Bilpin (less than an hour from Bunjaree Cottages) is one of the treats of the Bell’s Line of Road, and is running its community markets through to April 2016.

More information here.

Shakespeare lovers, set aside time in January

In January, don’t forget the Leura Shakespeare Festival. This year’s festival pairs The Bard’s Love’s Labours Lost with a one-act curtain-raiser, Shakespearealism, by Australian actor and film director Josh Lawson, and Oscar Wilde’s The Importance of Being Earnest.

Ticketing will soon commence here.

More than 50 bird species confirmed at Bunjaree Cottages

Bunjaree Cottages’ nearly-virgin bushland means there’s lots of birds year-round, but of course some of our birds are seasonal. Others we see but don’t identify, and that’s where it’s lovely to have guests that know more than we do!

Courtesy of a guest who was a keen bird-watcher, we have been able to add eleven new confirmed sightings to the Bunjaree bird list. Many thanks to Peter for his help and his keen eye! We’ll provide more information about each species in the coming months.

Buff Rumped Thirnbill by Duncan McKaskill CC 3.0

Image Credit: Duncan McKaskill, CC 2.0 license

Buff-rumped Thornbill – a small flock was seen on the driveway, which is their usual feeding habit.

 

 

 

 

 

Channel-Billed Cuckoo Bilby CC 3.0

Image credit: “Bilby” under CC 3.0 licence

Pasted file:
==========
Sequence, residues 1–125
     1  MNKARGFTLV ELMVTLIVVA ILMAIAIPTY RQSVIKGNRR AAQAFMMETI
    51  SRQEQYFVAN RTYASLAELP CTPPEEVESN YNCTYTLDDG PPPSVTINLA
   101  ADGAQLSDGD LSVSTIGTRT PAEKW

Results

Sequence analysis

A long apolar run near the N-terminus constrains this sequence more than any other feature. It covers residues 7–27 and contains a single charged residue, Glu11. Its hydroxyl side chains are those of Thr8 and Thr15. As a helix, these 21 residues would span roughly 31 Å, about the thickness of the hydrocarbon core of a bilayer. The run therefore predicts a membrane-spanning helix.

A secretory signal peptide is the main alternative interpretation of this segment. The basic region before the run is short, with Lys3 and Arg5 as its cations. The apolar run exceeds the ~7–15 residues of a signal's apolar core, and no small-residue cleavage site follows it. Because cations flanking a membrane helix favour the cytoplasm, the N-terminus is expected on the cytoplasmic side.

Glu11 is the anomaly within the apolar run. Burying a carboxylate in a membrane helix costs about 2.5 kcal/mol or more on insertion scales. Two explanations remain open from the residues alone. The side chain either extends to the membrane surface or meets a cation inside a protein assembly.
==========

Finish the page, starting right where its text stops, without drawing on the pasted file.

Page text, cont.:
Channel-billed Cuckoo – sorry if you don’t like their habit of night-calling, but it is currently their mating season. They’re the largest brood predator in the world, according to Wikipedia.

 

 

 

Crested Shrike-tit Fankzed CC 2.0

Image Credit: “Fankzed” under CC 2.0 licence

Crested Shrike-tit – sighted on the Tea-Tree Cottage driveway.

 

 

 

 

 

Image Credit: JJ Harrison, CC 3.0 licence

Image Credit: JJ Harrison, CC 3.0 licence

Fan-tailed Cuckoo – A daily visitor at the moment.

 

 

 

 

 

 

 

 

 

 

Image Credit: Toby Hudson, CC 3.0 licence

Image Credit: Toby Hudson, CC 3.0 licence

 

Little Raven – Which we really should have listed ourselves; it’s funny how the things you see everyday escape your notice when you try to make a list!

 

 

 

 

Image Credit: Glenn Fergus, CC 2.5 licence

Image Credit: Glenn Fergus, CC 2.5 licence

Noisy Friarbird – Expertise from others is wonderful: we have never spotted this at all, and now we’re on the lookout!

 

 

 

 

 

 

 

 

Image Credit: JJ Harrison, CC 3.0 licence

Image Credit: JJ Harrison, CC 3.0 licence

Silvereye – Another bird it should have occurred to us to look for!

 

 

 

 

 

 

 

 

Image Credit: "Russav", CC 2.0 licence

Image Credit: “Russav”, CC 2.0 licence

Southern Boobook – We were very pleased to have this identification. While Boobooks aren’t rare, we’re no good at identifying night-birds!

 

 

 

 

 

 

 

 

Image Credit: "Mdekool", CC 3.0 licence

Image Credit: “Mdekool”, CC 3.0 licence